In the meantime, Dad has finished connecting the computer and presses the “on” button, his face beaming all over. Ernie wears his look of absolute concentration, which makes him look like he’s trying to lay a Quaffle-sized egg, and I know that he’s preparing to defend us against the vicious computer at any minute. Surprisingly, nothing happens at all. Dad doesn’t get knocked out, his hair doesn’t turn blue, he still has all of his fingers – it’s amazing. Even Stewart moves to the front row again when several lights start blinking and a picture appears on the monitor. It looks very much like a TV, if you ask me, except that a TV is way more entertaining. Hermione has taken me along to her parents once and they have a big one where you can choose from any kind of film, but this one here only has white letters on a black background. And it doesn’t do anything interesting. Boring, if you ask me – I would have thought a computer is way cooler.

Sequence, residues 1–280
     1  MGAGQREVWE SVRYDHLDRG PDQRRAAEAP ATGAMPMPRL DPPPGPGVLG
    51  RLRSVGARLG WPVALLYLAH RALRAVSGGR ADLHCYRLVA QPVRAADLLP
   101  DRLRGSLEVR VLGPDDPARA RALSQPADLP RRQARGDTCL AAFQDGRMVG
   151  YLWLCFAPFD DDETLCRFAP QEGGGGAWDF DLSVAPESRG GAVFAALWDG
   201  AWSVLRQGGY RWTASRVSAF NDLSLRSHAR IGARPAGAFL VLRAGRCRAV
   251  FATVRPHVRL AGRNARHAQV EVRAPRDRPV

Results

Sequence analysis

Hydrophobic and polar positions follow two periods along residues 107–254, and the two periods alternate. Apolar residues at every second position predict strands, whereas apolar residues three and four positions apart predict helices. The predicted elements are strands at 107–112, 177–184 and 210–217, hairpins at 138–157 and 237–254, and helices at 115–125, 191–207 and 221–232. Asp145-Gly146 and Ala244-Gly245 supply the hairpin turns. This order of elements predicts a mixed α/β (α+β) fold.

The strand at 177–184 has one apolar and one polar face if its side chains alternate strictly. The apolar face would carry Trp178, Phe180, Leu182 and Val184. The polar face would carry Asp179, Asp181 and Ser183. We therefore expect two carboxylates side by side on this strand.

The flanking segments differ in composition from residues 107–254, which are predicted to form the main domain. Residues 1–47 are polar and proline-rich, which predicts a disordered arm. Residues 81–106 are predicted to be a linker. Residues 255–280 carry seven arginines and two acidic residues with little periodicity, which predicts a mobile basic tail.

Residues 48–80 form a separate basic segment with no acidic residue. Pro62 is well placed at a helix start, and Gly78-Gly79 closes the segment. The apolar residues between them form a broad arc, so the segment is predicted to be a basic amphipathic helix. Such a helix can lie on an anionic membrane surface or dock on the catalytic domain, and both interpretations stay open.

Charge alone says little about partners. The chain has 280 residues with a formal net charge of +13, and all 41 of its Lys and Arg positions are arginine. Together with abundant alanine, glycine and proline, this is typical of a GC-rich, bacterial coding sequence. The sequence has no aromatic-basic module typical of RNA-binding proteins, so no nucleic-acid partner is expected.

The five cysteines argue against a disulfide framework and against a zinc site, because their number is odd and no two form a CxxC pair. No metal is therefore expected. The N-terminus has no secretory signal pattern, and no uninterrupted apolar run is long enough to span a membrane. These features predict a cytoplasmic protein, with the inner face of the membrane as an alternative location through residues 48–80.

Dad smiles at the computer as happily as if it were his first grand-daughter. He longs for one, but even despite the Veela blood, Fleur and Bill have only managed to produce sons yet. The rest of us aren't too crazy about having children, although I suspect that Ron and Hermione won’t wait too long now – she’s knitting again. Stewart watches the letters as if they are more interesting than a good Quidditch match. Finally it gets interesting: the screen turns green, and a lot of symbols appear, along with an arrow.
“And now?” I ask curiously. Dad shrugs and tries out several buttons at the monitor, all of which have no effect whatsoever. Even Stewart looks helpless, a first for him, I assume. And Ernie – wait, where has Ernie gone? Has the computer knocked him out?
Ah, no, there he is, at our bookcase. How could I have forgotten the Encyclopaedia of Muggle Items? Until now this series has never failed to help us, and assuming from Ernie’s look, he has just found some valuable information.